On September 27, 2020, the 106th World Day of Migrants and Refugees, Pope Francis expressed his concern for the internally displaced persons and prayed for them. He vouched for welcoming, protecting, promoting and integrating them, and upgrading their livelihoods. The Covid-19 pandemic has made it worse. As of 2019, the United Nations declared that India had over five million internally displaced due to natural disasters, conflict, and violence. And that is the number that is registered, given that the population of the country is humungous we wonder and assume that the number could be even more. The number therefore at times varies in different surveys taken, for instance, in the World Refugee Survey, and the Global DIP Project may show different numbers.
But one can notice the following four categories of displacement: politically induced displacement, displacement due to Identity and Caste, displacement with regard to rigid conventional customs, and displacement because of the environmental disasters and development related issues.
Pope Francis compared this state of the refugees to the ‘forced to flee state’ of Jesus and his family. He said, in these our brethren who are forced to leave their homes, Jesus is present just like He was present during the time of Herod. We notice almost everyday in the news the crying faces, the desperate voices, the naked, the sick, the strangers, and those in prison in whom we must see the face of Jesus. The moment we see the face of Jesus we will be able to cater to their needs just like Mother Teresa did. But unfortunately, we have blindfolded ourselves that we cannot see these marginalized. We are basking in the glory of the rich. When the Archbishop of Goa Most Rev. Filipe Neri Ferrao requested each of the Parishes in Goa to welcome the migrants and cater to their needs, many of us turned complacent and sightless.
Similar to State of Refugees:
The words of Pope Francis should remind us that we see and can meet Jesus in them. It is the greatest opportunity that we receive to meet our God. Pope Francis reiterated that there is a dire need to remind ourselves of the four verbs we ought to put into practice: welcome, protect, promote, and most of all integrate. Here are six pointers to help us help the Internally Displaced Persons and let the verbs create the magic.
Pope Francis said we ought to have the knowledge so that we understand. Knowledge will come only when we move out of our comfort zones and visit our neighbourhood. Knowledge will be bestowed onto us only if we make the effort to break the ice between me and my neighbour and have a healthy conversation. I will be able to know as well as believe that he or she too enjoys the same beliefs as I do and will be able to help one another to grow in the same faith.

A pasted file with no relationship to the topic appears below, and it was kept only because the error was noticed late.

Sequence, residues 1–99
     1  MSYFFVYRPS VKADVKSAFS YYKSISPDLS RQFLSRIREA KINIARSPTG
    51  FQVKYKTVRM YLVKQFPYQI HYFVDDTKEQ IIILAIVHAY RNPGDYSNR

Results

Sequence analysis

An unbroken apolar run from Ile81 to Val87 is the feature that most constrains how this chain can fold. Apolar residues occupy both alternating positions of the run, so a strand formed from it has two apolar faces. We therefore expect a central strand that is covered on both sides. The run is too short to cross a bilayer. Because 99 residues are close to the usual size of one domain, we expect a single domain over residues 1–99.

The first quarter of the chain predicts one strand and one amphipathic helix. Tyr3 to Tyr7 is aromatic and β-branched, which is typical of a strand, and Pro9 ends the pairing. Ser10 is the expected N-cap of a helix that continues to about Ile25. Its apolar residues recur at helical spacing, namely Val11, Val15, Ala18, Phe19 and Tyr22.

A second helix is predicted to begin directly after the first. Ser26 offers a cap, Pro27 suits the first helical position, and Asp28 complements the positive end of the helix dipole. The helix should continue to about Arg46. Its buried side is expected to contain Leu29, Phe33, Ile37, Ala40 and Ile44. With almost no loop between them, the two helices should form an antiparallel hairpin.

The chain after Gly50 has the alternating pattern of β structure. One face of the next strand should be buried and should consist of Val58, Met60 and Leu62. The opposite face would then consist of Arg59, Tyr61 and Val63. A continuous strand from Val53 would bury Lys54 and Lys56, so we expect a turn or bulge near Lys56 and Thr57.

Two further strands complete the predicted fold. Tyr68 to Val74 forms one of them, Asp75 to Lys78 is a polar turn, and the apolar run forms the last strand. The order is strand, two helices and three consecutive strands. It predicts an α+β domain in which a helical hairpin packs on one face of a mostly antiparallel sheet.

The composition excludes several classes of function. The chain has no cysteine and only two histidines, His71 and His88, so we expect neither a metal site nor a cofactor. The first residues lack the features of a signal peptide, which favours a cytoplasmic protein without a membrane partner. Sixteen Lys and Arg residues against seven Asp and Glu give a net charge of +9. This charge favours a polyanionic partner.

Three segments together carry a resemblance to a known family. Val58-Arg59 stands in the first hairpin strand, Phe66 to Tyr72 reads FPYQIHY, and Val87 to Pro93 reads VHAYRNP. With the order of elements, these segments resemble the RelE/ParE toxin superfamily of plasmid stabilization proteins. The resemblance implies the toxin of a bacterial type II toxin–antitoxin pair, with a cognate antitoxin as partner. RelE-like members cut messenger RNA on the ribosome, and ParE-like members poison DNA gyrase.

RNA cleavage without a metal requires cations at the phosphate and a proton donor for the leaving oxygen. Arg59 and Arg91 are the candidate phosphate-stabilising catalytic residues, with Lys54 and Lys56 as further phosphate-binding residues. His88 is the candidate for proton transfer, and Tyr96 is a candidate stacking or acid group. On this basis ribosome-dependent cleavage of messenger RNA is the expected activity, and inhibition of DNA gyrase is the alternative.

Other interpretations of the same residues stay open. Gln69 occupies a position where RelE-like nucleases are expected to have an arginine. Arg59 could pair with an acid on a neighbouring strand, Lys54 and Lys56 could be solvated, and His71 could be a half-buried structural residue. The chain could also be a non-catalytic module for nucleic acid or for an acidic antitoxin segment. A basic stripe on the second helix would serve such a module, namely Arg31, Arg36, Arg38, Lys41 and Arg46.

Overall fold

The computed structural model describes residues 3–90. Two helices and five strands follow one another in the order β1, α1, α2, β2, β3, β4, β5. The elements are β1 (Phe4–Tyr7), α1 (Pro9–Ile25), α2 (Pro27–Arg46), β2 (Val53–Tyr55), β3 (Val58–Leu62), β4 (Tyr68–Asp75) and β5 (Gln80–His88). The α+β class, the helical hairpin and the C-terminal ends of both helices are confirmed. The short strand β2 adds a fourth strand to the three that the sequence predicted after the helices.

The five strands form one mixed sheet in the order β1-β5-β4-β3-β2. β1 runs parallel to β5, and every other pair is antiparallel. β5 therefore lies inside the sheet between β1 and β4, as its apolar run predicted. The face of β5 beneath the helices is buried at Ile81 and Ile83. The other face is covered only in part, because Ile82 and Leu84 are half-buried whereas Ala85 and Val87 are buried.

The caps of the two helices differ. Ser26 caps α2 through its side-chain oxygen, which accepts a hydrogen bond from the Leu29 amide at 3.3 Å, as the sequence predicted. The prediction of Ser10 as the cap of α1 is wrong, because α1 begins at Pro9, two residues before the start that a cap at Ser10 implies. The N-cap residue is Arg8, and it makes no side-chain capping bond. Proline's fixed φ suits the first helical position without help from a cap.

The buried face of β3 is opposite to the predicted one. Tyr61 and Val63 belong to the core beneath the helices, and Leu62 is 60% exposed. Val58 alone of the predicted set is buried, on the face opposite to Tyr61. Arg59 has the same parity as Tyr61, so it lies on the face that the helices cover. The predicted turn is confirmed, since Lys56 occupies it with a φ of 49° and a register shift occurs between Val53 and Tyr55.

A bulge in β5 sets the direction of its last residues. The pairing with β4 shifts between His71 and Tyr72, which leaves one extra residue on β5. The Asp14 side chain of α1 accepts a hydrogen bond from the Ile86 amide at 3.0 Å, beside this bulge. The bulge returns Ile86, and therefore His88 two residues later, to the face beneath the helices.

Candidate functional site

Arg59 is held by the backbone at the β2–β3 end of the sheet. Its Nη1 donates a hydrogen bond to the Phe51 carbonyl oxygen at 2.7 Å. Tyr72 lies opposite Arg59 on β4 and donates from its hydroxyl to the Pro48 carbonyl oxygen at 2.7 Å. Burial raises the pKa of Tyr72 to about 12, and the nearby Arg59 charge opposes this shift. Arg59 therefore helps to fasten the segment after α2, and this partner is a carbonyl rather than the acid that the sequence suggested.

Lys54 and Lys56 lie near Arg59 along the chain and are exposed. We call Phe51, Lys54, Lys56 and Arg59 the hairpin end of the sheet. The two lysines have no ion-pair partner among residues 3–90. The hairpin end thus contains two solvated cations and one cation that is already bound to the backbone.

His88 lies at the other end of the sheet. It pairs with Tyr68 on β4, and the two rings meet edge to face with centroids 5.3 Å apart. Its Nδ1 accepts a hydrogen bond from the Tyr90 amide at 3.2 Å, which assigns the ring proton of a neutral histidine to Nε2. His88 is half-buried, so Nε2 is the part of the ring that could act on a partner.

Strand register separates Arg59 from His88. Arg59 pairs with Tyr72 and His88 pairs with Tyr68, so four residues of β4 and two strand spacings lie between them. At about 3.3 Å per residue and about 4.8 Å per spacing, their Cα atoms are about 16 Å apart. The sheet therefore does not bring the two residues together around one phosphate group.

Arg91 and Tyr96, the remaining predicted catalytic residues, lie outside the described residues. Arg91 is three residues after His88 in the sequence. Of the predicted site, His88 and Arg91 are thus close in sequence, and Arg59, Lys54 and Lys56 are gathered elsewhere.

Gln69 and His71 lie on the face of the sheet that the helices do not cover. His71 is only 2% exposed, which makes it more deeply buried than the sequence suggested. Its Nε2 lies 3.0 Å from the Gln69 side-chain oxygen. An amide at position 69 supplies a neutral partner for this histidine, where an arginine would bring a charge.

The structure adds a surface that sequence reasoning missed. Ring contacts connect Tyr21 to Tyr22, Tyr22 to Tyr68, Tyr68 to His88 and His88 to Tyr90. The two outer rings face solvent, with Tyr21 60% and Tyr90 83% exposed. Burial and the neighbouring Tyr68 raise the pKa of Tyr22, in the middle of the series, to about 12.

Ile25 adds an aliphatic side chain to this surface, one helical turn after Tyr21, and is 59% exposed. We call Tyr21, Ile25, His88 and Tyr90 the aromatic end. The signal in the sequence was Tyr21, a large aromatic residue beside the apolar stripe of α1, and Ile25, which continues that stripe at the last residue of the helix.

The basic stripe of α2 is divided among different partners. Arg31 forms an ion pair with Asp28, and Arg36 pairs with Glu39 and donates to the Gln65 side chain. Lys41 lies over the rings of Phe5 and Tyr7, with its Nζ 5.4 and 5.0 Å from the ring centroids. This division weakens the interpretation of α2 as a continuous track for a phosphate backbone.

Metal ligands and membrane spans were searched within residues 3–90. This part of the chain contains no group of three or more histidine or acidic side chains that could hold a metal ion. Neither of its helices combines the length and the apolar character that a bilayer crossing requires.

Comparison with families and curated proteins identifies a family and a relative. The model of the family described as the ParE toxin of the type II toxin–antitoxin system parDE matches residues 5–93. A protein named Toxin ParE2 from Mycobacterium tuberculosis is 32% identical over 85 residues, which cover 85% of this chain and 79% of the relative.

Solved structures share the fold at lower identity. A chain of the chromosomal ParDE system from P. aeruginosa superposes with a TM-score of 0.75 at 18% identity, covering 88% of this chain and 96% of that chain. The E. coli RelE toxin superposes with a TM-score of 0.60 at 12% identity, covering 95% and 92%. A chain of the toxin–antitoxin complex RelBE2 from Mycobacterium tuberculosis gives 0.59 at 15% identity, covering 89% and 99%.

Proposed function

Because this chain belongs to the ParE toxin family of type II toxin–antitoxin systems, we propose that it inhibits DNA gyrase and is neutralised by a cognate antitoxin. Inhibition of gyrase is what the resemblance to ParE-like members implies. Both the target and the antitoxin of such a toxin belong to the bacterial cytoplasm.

Like the Samaritan who went near the wounded, we too must go closer to our brethren who need us not with a sense of pity but because you want to show your love. Because you see Jesus in him and her and because you want to serve the Jesus you notice and recognize. Only getting close will help you build the rapport and make you a worthy instrument that you ought to be.
The pandemic has left our streets silent. Social gatherings have to some extent reduced, we have become more concerned about our environment. We have got the time to remain silent and listen to our brethren. Listening is a skill that we fail to develop. We want to speak and draw attention towards us rather than just being and listening to the other. Your very listening presence can be of great help to the other. Listening can help one reconcile with himself or herself and with the world around.
Interestingly, the more concerned we are about the other, we tend to gain doubly more. A teacher teaches in the classroom to enhance the child’s knowledge but in the process, one gains knowledge and also a fan following of the lovely students who are sure to be encouraging you at every step. It is necessary to share so as to grow. The more I have I need to learn to give it away especially to the migrant who deserves it the most at the present.
At times, we just look at the statistics presented to us and leave it at that. We do not soil our hands to help these desperate souls. Soiling our hands is a necessity because when you get involved the other too is inspired to do the same. And the chain of inspiration will definitely be rendered endless.
When there is a section that does their bit, the others ought to either support or remain silent at best. Criticising the other will do no good. Encouraging the other will help in positive enforcement of doing something more and silence will prove that you support what the other is doing; both these acts will make you cooperative in order to build wonderful humanity.
Let us do our bit to support the forced to flee. Let us build the attitude of acceptance of the other as he or she is, not recognizing him or her for the colour, caste and creed. Because we are all equals before the one who has created us. Whether a migrant or a refugee, we are supposed to be a community in solidarity.
Copyright ©2020 THE GOAN EVERYDAY
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